COLUMBUS — Ohio Gov. Ted Strickland and U.S. Sen. Sherrod Brown, in cooperation with the Ohio Department of Natural Resources, have secured $1 million in new funding to expand conservation practices and improve water quality in the Grand Lake St. Marys Watershed
This will be the third year that Brown and Strickland have worked to secure funding for Grand Lake St. Marys that rewards farmers for their commitment to improving water quality.
Funding will be used for the creation of buffer strips along creeks running into Grand Lake St. Marys. The government will provide incentive payments to cover a portion of the planting costs, with the rest covered by participating farmers who must meet eligibility requirements established by the Natural Resources Conservation Service.
The Grand Lake St. Marys Watershed encompasses 59,160 acres across Mercer and Auglaize counties in western Ohio.
Not only is it a popular recreational lake, but Grand Lake St. Marys serves as a community drinking water resource. Improving Grand Lake St. Marys’ water quality is in large part connected to proper nutrient management in the watershed and taking in-lake, near shore and tributary channel actions that will also help improve lake health.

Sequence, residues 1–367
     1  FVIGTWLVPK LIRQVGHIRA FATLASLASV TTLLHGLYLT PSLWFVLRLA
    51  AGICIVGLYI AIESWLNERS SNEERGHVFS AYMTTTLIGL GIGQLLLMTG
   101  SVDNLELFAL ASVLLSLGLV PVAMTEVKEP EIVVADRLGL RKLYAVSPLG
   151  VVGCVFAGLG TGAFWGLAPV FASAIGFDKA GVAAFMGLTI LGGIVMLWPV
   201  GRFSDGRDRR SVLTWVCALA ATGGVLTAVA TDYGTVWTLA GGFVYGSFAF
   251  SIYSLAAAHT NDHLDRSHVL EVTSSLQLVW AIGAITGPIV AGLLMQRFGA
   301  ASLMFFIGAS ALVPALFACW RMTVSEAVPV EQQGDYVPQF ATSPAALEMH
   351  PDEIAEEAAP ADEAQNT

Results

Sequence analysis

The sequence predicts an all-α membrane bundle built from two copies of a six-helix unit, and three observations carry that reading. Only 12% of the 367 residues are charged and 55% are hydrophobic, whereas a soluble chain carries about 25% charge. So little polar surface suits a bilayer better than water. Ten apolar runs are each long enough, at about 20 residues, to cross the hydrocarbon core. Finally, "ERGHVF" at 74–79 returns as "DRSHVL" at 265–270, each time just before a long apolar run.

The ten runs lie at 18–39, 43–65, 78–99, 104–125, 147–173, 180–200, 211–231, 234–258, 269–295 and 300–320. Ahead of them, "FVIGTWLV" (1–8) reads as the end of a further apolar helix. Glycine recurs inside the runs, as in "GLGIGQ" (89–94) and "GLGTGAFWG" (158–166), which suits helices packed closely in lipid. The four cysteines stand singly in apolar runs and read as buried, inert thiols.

Many livestock operators, agricultural producers and landowners are already working with local soil and water conservation districts to implement conservation practices using the financial incentives associated with Environmental Quality Incentive Program funding from Natural Resources Conservation Service .
This year, additional NRCS funding will ensure that local livestock and agricultural operators in the Grand Lake St. Marys watershed may continue their commitment to implementing conservation practices on their land.
Part of the $1 million EQIP funding available will be used to address land management practices, such as developing grass buffers, wetlands and planting cover crops
Funds will also help operators develop and construct sufficient manure storage facilities enabling operators to better utilize their manure for crop production.
Efforts such as those adopted by the agricultural community, with other measures, such as upgrading domestic sewage treatment and control, improving sediment and erosion, restoring wetlands and reducing non-agricultural nutrient applications, will help ensure the recovery of Grand Lake St. Marys.